Cities have always expanded horizontally unless curbed by walls, natural barriers, or the inability to communicate over distance. Policies such as greenbelts or the exclusion of immigrants—the sixteenth- and seventeenth-century attempts to restrain the growth of London to exclude the poor, or the apartheid restrictions on black immigration—have not been able to maintain themselves over time. Recent urban policies have included either allowing low-density suburban expansion, building dense public housing on the periphery, establishing new towns, or allowing poor immigrants to squat in minimally controlled settlements.
American cities have chosen the first of these models. The suburbs in the early years of the twentieth century were made up of large lots and made possible by the invention of the telephone and pre-automobile street-cars. Before World War II, less than half the nation owned their homes and less than half the housing stock was in single-family homes. After the war, the percentage of families owning their homes jumped from nearly 40% in 1940 to 60% in 1960 due to higher incomes, the federal highway program, tax incentives for home ownership as a stabilizing social force, FHA and VA financing, and other factors. Levittown built 150 standard 25 ft x 30 ft cottages a week, each costing $7,900, requiring, with a government-subsidized loan, a monthly payment of $58 for 25 years. These suburbs attracted the planned shopping center, an architecturally unified development with large amounts of off-street parking. Today megamalls offer the shopping experience as a new form of entertainment and have become so large that pedestrians cannot cover them in a day. Suburban growth has broken the link between city center and its outskirts: in 1975, people who commuted from home to work in the suburbs outnumbered people who commuted to the central city by almost two to one. Outlying suburbs, now called “urban villages” or “edge cities,”, are more diverse in land use, have larger houses (in 2000 the American house averaged over 2,000 square feet, twice as large as it was in 1970), and have become different cultural enterprises than the post-World War II suburbs: “a ranch-style tract house, a Chevrolet, and meat loaf for dinner will not do anymore as the symbols of a realized dream.” The regional suburban city, in which people are able to cover very large distances, depends entirely on private automobiles. Private automobile traffic continues to increase, from 1.03 billion miles in 1970 to 1.49 in 1987, and road space over the same time decreased from 61 yards per vehicle to only 39. While the new cars are cleaner, the condition of the air is worse, in part because of the increase in car use.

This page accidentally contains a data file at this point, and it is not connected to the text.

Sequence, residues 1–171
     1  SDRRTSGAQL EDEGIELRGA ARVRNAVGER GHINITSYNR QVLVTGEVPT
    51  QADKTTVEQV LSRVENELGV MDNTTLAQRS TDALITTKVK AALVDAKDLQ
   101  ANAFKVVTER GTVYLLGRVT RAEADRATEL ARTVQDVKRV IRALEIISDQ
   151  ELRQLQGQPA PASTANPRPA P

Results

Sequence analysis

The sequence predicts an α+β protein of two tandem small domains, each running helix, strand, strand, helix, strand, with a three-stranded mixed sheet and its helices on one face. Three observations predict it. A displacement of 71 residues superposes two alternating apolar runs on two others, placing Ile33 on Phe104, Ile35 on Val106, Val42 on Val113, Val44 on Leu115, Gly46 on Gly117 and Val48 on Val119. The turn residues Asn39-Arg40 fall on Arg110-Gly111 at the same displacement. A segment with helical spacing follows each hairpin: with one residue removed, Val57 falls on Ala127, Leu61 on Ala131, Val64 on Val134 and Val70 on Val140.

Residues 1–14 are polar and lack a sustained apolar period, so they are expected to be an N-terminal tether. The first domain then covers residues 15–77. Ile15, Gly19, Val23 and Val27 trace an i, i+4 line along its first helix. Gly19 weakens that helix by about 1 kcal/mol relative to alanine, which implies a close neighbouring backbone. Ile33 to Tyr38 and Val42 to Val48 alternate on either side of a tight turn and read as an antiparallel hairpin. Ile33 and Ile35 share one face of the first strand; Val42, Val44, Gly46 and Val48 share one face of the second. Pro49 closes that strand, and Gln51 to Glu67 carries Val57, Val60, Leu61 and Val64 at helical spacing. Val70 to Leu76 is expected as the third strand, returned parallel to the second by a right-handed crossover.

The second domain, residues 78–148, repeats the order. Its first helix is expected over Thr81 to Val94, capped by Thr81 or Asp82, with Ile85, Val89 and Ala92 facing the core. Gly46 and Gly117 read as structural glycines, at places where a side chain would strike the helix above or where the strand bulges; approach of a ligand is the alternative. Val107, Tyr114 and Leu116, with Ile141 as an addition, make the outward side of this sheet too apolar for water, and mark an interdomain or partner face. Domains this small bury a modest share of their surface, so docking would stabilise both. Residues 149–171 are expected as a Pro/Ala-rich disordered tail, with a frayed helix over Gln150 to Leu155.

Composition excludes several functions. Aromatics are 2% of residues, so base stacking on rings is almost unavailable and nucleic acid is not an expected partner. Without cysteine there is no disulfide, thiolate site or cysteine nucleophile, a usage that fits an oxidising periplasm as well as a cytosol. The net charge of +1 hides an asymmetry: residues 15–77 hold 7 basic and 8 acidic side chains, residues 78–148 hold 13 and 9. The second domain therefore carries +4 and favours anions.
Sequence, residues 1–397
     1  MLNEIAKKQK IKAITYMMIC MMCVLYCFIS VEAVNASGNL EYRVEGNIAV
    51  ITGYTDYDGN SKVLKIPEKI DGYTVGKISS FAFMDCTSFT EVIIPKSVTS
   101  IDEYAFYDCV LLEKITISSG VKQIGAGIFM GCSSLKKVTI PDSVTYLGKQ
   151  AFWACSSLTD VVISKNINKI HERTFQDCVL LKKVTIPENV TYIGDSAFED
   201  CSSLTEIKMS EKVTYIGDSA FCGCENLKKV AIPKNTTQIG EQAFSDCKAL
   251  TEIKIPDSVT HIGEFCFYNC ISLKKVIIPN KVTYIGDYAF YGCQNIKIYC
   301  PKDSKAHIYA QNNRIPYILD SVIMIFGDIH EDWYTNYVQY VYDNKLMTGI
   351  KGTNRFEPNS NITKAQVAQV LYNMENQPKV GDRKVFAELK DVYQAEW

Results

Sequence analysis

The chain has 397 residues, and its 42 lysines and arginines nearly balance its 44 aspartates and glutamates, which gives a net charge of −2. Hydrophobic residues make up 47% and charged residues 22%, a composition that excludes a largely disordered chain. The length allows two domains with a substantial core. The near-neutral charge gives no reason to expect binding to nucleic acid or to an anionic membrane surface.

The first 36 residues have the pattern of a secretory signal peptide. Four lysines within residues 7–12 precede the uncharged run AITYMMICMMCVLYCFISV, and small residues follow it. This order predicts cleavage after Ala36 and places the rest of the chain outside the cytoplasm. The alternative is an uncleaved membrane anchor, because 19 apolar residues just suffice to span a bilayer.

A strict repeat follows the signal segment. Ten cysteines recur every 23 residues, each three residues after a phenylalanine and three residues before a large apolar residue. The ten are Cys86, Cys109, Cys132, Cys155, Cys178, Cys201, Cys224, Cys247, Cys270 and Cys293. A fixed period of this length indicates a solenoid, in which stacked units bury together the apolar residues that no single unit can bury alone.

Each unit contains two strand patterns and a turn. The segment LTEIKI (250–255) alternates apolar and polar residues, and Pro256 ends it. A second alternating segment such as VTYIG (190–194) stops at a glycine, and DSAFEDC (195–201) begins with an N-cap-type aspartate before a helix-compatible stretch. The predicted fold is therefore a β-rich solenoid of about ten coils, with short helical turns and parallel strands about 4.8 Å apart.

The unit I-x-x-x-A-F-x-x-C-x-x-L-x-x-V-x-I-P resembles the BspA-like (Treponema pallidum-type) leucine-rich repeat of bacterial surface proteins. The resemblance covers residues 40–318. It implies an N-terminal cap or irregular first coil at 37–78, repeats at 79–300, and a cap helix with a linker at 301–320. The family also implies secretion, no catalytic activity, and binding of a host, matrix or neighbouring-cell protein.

Recently the large American low-density metropolis has been subject to growing criticism of its uncontrolled growth, now called “sprawl,” a relatively undefined word, as “slums” were in the late nineteenth century. The economic wastefulness and ecological damage of “sprawl” has led to recent attempts to control or balance the growth of metropolitan areas. So, exacting impact fees on growth on the outside edge, marketing higher densities on smaller lots, calling for increased light-rail systems, land-banking open space and stimulating small-scale farming, are among the more common policies. Portland, Minneapolis and Vancouver have become some of the metropolitan governments to invoke “smart” growth. But the model of creating new growth points at radial train line stops to increase public transportation and develop new nodes has not proven in practice to be as appealing as in theory; this is one of the models of good metropolitan form which will need greater study in the future. There is also little attention to achieving greater social equity, surely a major attribute of any “good” city, through these spatial policies. Among practices which set out to reform American low-density development are those of the highly publicized “new urbanism.” This practice has been unable to deal with fundamental issues such as decreasing automobile use or creating greater social equity despite some largely theoretical advocacy of higher densities and light-rail transportation, which the densities of American suburbs are incapable of supporting. This work has almost exclusively focused on methods of improving the micro-environments of developers’ suburbs. The American downtown, on the other hand, has, with few exceptions, increased in population over the past two decades. It has become more diverse with a population that is made up largely of non-family residents, who have few children (only 17% of those living in downtowns are under 20) and rent housing at twice the rate of residents in the metropolitan area. There are many reasons given for this rebirth, among which is a theory of homeostasis in which external growth in living organisms like cities is balanced by internal growth.
- Pages 1–5: Transcript from Jerusalem Seminar, “The Public Building: Form and Influence,” November 1992.
Sennett, Richard. “The Space of Democracy.” Harvard Design Magazine, Summer 1999.
Beinart, Julian. “Keeping Post Office Square as a Public Trust.” The Boston Globe, June 6, 1984.